Dominic Walker (bishop)

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The Right Reverend
Dominic Walker
Bishop Emeritus of Monmouth
Monmouth VIPs Bishop Dominic Walker.jpg
Diocese Diocese of Monmouth
In office 2003-2013
Predecessor Rowan Williams
Other posts Area Bishop of Reading (1997–2002)
Orders
Ordination 1972 (priest)
Consecration 1997
Personal details
Birth name Dominic Edward William Murray Walker
Born (1948-06-28) 28 June 1948 (age 67)
Nationality British
Denomination Anglicanism
Profession Bishop, theologian
Alma mater King's College London
Heythrop College, London.

Dominic Edward William Murray Walker OGS DL (born 28 June 1948) is a retired Anglican bishop.[1] He was the Bishop of Reading, an area bishop, from 1997 to 2002 and Bishop of Monmouth from 2003 to 2013.

Early life[edit]

Walker was the second child to a Welsh mother and English father. He was brought up on Dartmoor. [2] He was educated at Plymouth College[3] King's College London, Heythrop College in London and the University of Wales .

Ordained ministry[edit]

Walker was ordained priest in 1972.[4] He began his ministry with a curacy at St Faith's Southwark[5] after which he was domestic chaplain to the Bishop of Southwark,[6] rector of Newington St Mary, Team Rector of St Peter, St Nicholas & the Chapel Royal Brighton, Rural Dean of Brighton and a canon and prebendary of Chichester Cathedral.

Walker never married and became a member of the Oratory of the Good Shepherd. He served as father superior from 1990 to 1996.[4]


Walker was appointed Bishop of Reading, an area bishop in the Diocese of Oxford, in 1997.[4] He then became a diocesan bishop as the Bishop of Monmouth in the Church in Wales in 2003, succeeding Rowan Williams who had become the Archbishop of Canterbury in the Church of England.

Walker's last episcopal seat was at Newport Cathedral. At the end of 2012, it was announced that he intended to retire, which he did on 30 June 2013.[7] In retirement he is an honorary assistant bishop in the Diocese of Swansea and Brecon.[4]

Views on animal welfare[edit]

Walker has strong views on animal welfare. He joined the RSPCA as a teenager.[8] In 2010 he called for church services to "pray for animal casualties" of World War One [9] and consistently opposes the live animal exportation market. His views were expressed in a speech when he said that:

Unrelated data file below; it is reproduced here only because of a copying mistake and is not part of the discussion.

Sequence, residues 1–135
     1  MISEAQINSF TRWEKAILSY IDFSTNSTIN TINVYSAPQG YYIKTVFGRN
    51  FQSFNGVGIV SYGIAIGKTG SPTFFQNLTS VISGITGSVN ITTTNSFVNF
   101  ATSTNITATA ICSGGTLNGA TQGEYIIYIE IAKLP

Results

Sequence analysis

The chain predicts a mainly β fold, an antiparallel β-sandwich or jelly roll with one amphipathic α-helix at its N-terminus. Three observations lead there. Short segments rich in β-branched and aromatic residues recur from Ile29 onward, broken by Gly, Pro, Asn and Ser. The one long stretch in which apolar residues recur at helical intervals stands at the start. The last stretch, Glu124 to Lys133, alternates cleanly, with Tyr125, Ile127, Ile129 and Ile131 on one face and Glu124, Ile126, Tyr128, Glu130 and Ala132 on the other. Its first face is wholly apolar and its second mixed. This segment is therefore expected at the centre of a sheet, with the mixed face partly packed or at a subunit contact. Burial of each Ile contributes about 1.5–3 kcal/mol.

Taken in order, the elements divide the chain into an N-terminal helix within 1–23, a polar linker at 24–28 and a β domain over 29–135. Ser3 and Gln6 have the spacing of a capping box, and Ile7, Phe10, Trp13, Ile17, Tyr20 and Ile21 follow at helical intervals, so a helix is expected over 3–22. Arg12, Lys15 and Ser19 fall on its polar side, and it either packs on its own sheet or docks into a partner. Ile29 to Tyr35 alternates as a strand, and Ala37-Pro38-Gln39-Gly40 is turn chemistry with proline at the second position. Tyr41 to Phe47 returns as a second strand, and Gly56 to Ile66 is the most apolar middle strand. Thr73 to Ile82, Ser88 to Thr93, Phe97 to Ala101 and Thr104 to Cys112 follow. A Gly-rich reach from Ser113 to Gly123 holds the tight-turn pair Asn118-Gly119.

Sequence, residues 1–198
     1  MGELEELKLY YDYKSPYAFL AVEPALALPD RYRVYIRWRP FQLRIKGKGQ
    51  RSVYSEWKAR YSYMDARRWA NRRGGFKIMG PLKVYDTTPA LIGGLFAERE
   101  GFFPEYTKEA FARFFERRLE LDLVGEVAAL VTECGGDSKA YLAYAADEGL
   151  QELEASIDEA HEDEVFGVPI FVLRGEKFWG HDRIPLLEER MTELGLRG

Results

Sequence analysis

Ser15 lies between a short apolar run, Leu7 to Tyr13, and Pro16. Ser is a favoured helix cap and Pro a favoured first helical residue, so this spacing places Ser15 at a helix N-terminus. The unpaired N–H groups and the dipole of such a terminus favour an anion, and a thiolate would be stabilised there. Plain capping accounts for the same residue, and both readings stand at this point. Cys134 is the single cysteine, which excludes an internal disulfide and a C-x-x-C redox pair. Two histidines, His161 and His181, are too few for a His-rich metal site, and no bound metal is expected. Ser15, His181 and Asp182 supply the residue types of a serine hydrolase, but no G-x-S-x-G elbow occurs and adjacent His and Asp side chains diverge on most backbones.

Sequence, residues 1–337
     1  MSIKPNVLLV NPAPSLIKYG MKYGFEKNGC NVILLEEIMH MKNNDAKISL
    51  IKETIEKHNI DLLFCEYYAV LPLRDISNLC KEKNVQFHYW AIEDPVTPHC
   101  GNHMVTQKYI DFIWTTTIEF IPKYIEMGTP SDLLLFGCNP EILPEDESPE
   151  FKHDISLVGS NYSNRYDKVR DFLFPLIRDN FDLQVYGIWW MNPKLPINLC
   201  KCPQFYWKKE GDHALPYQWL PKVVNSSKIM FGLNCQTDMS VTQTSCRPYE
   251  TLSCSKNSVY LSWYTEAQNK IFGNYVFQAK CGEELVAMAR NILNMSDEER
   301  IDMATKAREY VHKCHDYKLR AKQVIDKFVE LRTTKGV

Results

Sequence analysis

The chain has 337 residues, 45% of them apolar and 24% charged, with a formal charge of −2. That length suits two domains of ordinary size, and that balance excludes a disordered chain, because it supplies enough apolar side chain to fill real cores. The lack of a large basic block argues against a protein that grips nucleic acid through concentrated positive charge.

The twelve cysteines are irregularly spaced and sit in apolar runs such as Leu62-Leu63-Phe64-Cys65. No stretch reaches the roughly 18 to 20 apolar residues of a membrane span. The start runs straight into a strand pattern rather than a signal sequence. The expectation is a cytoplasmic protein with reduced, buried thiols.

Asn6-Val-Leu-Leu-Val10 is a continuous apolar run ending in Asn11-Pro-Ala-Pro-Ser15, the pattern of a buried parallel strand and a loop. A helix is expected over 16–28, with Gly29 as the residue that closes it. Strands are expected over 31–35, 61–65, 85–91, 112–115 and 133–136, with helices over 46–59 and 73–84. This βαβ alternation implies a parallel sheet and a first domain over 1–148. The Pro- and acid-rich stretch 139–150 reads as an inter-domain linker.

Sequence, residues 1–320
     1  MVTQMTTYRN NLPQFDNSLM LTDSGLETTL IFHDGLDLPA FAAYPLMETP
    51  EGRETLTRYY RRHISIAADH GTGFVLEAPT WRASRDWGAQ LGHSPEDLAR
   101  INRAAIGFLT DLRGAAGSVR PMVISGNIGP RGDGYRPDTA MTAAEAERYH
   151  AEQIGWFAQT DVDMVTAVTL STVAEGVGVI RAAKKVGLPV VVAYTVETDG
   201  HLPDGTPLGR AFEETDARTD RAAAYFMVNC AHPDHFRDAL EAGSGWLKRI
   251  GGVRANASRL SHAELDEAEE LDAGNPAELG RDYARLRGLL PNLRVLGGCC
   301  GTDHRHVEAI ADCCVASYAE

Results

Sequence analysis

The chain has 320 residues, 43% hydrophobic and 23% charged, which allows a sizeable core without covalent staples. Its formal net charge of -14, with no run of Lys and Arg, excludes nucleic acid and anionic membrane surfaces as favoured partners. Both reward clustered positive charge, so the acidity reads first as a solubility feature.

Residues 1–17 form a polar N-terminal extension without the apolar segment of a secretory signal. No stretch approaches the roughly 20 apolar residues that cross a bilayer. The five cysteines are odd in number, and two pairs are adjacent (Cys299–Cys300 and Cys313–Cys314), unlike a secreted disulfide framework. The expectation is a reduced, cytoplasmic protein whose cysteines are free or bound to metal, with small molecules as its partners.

"... I would suggest that we need to stop and repent - to look and think again about our role in creation. If you say to most Christians, what was the great moment in the biblical creation narratives, they will say when God made us in his own image. That's wrong. It was the seventh day when God rested and the world was at peace. There is a theme in the Hebrew scriptures that tells us that we only ate meat after the Fall and it looks forward to a return to Paradise where the lion will lie down with the lamb. Our role in creation is to have dominion - not domination - perhaps stewardship is a better word - to have stewardship of creation knowing that we shall be judged for how we have cared for God's world and that includes all sentient beings. Secondly, I think we need to put animals on the church agenda. We could begin by including them in our prayers. At this time of year I attend various harvest celebrations and we pray for the farmers, the food producers and the crops - but rarely do we pray for animals."[10]

When a vicar in Brighton, he gave permission for animals being present in the church. Also in Brighton he, alongside Andrew Bowden , also participated in a demonstration against live animal exportation.

As of 2015, Walker is still vice-president of the RSPCA.[11]

Paranormal and exorcisms[edit]

Walker is an expert on the paranormal and has published many articles on the topic. He is a trained exorcist[12] and has said that during his 35 years of ordained ministry he has performed "countless acts of deliverance along with six exorcisms".[12]

In an August 2015 article, which concentrated on the death of Morgan Freeman's step-granddaughter, Walker rejected the use of violence when performing an exorcism.[13] He argued that an exorcism is the command of the mouth.[clarification needed]

Present[edit]

In 2015 the British tabloid press published articles saying that Walker had reported Leo Abse, George Thomas and Enoch Powell to the police as suspected paedophiles.[14] He said that "A number of survivors independently gave the name of a particular MP being involved ... I don’t believe there was any collusion in their stories."[15] Walker went on to tell senior clerics that Abse was named by three abuse survivors whom he had counselled when a vicar in Brighton in the 1980s.

Upon retirement, Walker became a "humble monk".[16] He has since settled in Monmouth and continues to deliver conference papers and lectures. He lectured in July 2015 at the University of Warwick.[17]

References[edit]

  1. ^ BBC Wales story
  2. ^ http://sarx.org.uk/testimonies/dominic-walker/
  3. ^ Who's Who 2008: London, A & C Black ISBN 978-0-7136-8555-8
  4. ^ a b c d "Dominic Edward William Murray WALKER". People of Today. Debrett's. Retrieved 7 November 2014. 
  5. ^ Church information
  6. ^ Crockford's Clerical Directory 2008/2009 Lambeth, Church House Publishing ISBN 978-0-7151-1030-0
  7. ^ "Bishop to retire in June 2013". Church in Wales. Retrieved 15 April 2013. 
  8. ^ http://sarx.org.uk/testimonies/dominic-walker/
  9. ^ BBC website.
  10. ^ ASWA website.
  11. ^ RSPCA website.
  12. ^ a b Wales Online website.
  13. ^ Christian Today website.
  14. ^ Pink News website.
  15. ^ Daily Mail.
  16. ^ South Wales Argus.
  17. ^ Diocese of Swansea and Brecon website.
Church of England titles
Preceded by
John Bone
Bishop of Reading
1997–2003
Succeeded by
Stephen Cottrell
Church in Wales titles
Preceded by
Rowan Williams
Bishop of Monmouth
2003–2013
Succeeded by
Richard Pain

Bishop Dominic's Biography